Misadventure starts deep and bubbly and brings in a wonderful bass lick that's funky and moving. After this we are dripped into the Filthy Little Whore Pt 2 two-track series, consisting of an Intro and the song itself on tracks 3 and 4 of Mass Market Misery. The near two minute intro tells us a story in spoken word with dripping accoutrements and dark melodies sneaking up from behind. Seamlessly come beats into the fray, completing the story with the help of a metal guitar riff combined with electro-slicings of weirdness.
Come With Me is a heavier, almost thrash song, shredded by electronic melodies and rhythm to nice effect. Once this track is done we're moved into what Wasp Factory says is Freudstein's magnum opus - the three part Robots series that covers three tracks, 6-8, here on Mass Market Misery. It tells the story of man's enslavement to industrial machinery and destruction of human culture at its hands. It all starts, of course, with Conflict In Dollars - sometimes people forget that money is merely an invention of humankind. Instead the world seems to think that humankind is defined by its money…sad indeed.
Wings of Death is an industrial track with heavy guitar riffs and vox-touched vocals. This tune will actually get deep and blargy, with fast moving percussion and angry vocals even nearing the black metal growl style. Sister Sleaze gets trancey with its bright melodies and bass bubble rhythms. It's the mandatory sex song of the album. Laura will lightly trance us smoothly down to Mass Market Misery's close.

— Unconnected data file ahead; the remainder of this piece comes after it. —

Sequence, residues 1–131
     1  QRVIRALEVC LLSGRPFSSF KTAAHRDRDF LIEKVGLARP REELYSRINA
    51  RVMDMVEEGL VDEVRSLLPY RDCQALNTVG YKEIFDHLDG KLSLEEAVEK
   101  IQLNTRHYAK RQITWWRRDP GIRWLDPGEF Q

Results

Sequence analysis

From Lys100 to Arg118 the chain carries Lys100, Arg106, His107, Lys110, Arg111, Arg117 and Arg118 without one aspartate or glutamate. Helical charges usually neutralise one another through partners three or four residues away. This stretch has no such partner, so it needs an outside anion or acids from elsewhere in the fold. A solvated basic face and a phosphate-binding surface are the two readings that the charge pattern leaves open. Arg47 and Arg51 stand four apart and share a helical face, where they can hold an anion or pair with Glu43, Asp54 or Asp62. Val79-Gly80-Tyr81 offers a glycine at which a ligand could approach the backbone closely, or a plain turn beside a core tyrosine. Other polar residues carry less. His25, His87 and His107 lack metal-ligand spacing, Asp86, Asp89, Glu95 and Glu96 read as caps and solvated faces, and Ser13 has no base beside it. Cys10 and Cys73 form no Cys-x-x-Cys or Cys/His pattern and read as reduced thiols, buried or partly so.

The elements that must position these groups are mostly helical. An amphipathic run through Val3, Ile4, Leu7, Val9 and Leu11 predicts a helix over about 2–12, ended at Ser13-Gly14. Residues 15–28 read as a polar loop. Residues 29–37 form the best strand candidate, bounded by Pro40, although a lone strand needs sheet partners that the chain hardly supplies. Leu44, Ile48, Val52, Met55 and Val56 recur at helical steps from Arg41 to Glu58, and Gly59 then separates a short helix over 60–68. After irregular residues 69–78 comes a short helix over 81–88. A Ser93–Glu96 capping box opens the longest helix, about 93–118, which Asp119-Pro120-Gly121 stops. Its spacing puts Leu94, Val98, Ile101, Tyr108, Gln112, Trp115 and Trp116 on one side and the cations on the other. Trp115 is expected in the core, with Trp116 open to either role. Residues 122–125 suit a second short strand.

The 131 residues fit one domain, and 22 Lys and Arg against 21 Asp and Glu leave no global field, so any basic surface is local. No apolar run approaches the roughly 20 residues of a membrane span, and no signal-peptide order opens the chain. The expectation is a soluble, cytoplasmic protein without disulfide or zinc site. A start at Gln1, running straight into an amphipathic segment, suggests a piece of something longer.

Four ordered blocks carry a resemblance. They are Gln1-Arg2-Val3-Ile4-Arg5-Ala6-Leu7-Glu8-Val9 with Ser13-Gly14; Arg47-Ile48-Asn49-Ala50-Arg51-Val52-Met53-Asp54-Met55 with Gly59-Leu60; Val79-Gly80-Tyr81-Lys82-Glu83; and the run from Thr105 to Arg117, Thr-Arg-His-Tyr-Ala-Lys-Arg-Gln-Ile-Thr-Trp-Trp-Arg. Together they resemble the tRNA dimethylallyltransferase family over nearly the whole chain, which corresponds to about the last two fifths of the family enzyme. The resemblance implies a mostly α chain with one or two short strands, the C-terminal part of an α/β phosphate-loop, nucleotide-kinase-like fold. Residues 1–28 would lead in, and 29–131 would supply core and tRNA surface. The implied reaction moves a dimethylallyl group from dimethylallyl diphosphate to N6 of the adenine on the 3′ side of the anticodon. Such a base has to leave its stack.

Freudstein tend to pop about a bit, and I find it hard to tell you to pick them up if you like this music or that music. They certainly push the bar of creativity, especially with the well done Robots trilogy here, and they'll continue to do so I'm sure mixing in trance, trip-hop, industrial and metal into a strange but interesting concoction.’
– Marcus Pan, Legends Magazine, October 2006
‘With a CD cover that prepares me for the worst, the tunes on this offering are pleasantly surprising. The tuneful "Return To The Old Forest" could easily be worth a dance; with Depeche Mode style synths, Pat Morrisson Floodland-style female vocals over the top, you'd be forgiven for enjoying this tune. I can taste the cheap alcohol and the creak of my leather trousers right now as I attempt to shake my thing..oops.
"Misadventure" is another well-constructed, dancy number. And you should know by now that I don't give compliments easily. The vocals are slightly tuneless in the lower register, but as the chorus kicks in, there's a bit of Bono in there, a slightly nasal twang.
There's a slight dip in the standard at around "Intro to Filthy Little Whore Pt 2" and "Filthy Little Whore", a bleak narrative set over scary synth sounds and a dripping tap noise.